Authentic Dating: 5 Ways to Build Trust

Written by Stacy Ingraham, MSEd., LPCC-S
Individual & Couples Gestalt Therapist

When most people create a list of “must haves” in a relationship partner, “trustworthy” is typically at the top. Important to note is that earning trust and trusting someone takes time. Here are a few ways trust is built in a relationship.

    1. If you want to start a relationship out on the right foot, be honest and open from the start. Building trust begins the moment you introduce yourself – online and in person.
    2. Put your heart out there, little by little. Each time we share with another person, we give them the opportunity to care about, support, and know us. Of course, this comes with the risk of getting hurt or being rejected. By testing how the other person responds or reacts to our vulnerabilities, we can learn whether they can be trusted with deeper, more intimate parts of ourselves. For more on vulnerability, check out Brené Brown’s TED Talk, The Power of Vulnerability.
    3. Working through tough moments together. Lean into conflict. Do not avoid it! The purpose of conflict in relationships is to protect the closeness. While bringing up something difficult can be uncomfortable and anxiety provoking, it’s another opportunity to build trust. Sharing concerns is another way of communicating “I care enough about me, you, and our relationship to try to reconnect and strengthen our bond, instead of build resentment, feel irritated, and vent to other people about you.”
    4. When you apologize, mean it and work toward change.
    5. Stay true to your word. When you say you’re going to do something, follow through. If you say you’re going to pick him up at 6:00, arrive by 6:00. If you say you’re going to pick up milk on the way home, pick up the milk. If something changes, communicate this with your person as soon as possible. Trust erodes when we say we’ll do something, and we lack follow-through.

If you find that you struggle with any of these ideas, a therapist can help if you are open and honest. If you care about your relationship and a foundation of trust was not built or has been shaken, seek guidance from a qualified couple’s therapist.

Are You Sabotaging your dating life?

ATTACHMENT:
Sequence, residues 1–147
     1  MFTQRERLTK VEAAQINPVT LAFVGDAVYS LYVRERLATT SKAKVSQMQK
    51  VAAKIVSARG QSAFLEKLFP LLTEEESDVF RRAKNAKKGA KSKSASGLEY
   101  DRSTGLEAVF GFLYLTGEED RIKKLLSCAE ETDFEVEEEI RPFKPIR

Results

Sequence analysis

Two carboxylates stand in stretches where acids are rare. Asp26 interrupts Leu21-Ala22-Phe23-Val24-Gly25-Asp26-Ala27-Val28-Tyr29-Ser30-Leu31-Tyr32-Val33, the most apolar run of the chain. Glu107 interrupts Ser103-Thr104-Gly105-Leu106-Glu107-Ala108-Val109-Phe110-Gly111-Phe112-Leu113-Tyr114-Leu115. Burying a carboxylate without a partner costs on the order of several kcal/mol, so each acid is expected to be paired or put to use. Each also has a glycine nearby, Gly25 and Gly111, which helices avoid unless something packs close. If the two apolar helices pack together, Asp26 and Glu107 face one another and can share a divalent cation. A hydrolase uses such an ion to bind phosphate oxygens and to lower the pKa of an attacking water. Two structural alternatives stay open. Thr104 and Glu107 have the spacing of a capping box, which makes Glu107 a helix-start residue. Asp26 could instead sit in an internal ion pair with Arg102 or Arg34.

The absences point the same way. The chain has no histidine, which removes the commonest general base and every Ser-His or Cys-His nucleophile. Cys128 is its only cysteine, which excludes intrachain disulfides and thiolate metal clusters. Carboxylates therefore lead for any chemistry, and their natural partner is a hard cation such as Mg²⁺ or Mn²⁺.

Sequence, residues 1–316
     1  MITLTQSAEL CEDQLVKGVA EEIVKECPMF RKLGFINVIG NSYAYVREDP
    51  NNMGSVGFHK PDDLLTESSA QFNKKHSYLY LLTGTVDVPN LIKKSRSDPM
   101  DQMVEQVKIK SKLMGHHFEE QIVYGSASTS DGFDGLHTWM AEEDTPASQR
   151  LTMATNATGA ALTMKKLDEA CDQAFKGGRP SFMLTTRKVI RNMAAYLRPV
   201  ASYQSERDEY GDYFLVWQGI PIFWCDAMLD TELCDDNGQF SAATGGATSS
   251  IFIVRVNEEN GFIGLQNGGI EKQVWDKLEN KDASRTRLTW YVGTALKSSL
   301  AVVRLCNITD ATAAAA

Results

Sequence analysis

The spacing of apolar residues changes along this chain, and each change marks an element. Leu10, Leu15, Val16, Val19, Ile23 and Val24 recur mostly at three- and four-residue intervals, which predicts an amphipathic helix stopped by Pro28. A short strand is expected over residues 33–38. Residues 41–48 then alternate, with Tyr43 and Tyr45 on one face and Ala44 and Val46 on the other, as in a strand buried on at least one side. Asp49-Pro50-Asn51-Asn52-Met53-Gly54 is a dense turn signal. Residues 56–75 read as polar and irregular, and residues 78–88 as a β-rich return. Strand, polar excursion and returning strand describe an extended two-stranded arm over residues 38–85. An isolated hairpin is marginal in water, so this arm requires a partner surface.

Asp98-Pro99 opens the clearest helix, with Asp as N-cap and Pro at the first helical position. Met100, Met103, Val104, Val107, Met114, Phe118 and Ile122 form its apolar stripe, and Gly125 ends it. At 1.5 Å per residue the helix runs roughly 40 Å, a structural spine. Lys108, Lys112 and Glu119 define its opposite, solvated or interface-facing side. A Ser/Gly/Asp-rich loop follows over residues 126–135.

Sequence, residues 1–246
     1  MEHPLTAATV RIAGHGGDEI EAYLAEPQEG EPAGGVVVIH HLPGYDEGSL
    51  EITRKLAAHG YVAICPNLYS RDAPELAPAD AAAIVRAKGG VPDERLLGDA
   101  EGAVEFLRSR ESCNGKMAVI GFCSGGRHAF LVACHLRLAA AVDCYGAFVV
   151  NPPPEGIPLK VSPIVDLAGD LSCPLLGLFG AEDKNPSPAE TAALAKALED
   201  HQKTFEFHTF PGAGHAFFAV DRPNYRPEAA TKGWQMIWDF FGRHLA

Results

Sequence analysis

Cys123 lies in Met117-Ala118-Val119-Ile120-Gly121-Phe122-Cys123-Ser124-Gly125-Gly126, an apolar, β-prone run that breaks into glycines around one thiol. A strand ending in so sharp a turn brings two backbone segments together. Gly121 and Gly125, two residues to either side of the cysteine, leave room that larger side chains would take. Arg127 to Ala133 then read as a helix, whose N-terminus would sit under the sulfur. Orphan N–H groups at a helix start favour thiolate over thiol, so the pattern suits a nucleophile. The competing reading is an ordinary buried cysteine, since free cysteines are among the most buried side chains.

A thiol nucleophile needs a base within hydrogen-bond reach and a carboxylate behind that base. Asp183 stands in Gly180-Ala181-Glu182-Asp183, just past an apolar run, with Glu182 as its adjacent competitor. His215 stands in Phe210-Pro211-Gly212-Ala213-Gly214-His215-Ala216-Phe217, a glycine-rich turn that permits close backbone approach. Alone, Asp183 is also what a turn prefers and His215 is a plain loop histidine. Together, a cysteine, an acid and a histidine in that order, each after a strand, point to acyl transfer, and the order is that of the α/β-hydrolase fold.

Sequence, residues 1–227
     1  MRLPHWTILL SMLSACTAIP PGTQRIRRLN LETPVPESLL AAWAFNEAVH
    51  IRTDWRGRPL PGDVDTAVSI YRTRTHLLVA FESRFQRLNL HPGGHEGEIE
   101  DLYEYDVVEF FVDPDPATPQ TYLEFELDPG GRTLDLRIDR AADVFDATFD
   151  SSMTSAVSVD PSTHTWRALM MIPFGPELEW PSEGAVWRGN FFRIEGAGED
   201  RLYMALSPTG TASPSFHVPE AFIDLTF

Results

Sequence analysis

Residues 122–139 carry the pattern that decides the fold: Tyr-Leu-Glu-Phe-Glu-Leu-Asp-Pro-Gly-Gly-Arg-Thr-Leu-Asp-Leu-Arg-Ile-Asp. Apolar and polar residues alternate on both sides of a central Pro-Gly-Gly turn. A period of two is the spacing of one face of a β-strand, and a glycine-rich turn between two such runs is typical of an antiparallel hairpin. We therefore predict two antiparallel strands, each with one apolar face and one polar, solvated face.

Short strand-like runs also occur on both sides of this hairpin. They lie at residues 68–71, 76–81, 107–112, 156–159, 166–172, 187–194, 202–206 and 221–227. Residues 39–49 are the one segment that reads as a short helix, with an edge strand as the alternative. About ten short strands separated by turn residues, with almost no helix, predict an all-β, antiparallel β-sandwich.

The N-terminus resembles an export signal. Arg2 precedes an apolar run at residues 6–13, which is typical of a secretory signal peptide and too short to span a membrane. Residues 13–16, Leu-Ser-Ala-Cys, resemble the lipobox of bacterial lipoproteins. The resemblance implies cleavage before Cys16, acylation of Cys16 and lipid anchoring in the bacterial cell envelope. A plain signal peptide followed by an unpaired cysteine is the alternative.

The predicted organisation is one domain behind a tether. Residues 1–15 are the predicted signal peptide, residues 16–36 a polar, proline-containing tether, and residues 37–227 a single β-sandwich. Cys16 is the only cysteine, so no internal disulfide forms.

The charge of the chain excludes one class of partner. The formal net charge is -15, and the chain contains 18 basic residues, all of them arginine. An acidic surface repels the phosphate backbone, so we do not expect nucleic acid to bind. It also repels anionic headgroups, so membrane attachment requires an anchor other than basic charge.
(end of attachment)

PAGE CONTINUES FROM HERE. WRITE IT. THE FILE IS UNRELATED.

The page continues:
Are You Sabotaging Your Dating Life?

By Stacy Ingraham, MSEd., LPCC-S

We date for a variety of reasons, primarily with hope of falling in love with someone who has similar values, interests, goals, and of course, chemistry. And when the topic of dating arises, a variety of feelings are evoked. There are more ways than ever to meet someone, yet so many of us are unsatisfied with and jaded about dating. So why does it have to be so hard?

Since we can’t change others, let’s take an honest look at ourselves. What might you be doing to sabotage your dating life?

-Do you listen to, and trust your gut?

-Are you a good listener? Be honest…do you tend to prepare your response while the other person is talking? Tend to talk about yourself and try to convince him/her that you’re a great catch?

-How are you at asking interesting questions?

-Do you put yourself out there (this can be especially tough for introverts)?

-Do you let the other person do all of the talking?

-Are you so jaded that you nit-pick every little thing that’s wrong, or could be wrong, about the other?

-Do you rush into relationship mode, instead of really take time to get to know someone?

-Do you date the same type of person, over and over again?

-Are you presenting yourself authentically? Or, are you making adjustments to fit into what others want, or you think they want?

How we meet someone becomes irrelevant when we don’t know how to engage people in meaningful ways, listen to our gut and do something about the red and green flags, and have clarity about what we really want. If you are struggling with dating, take some time for self-reflection and consider the following:

-Ask friends you trust for honest feedback.

-Meet with a therapist who will not only listen, but also give you feedback with support and compassion.

-Recommended books: Heart to Heart: Learning to Love, by Norman Shub and How to Avoid Falling in Love with a Jerk, by John Van Epp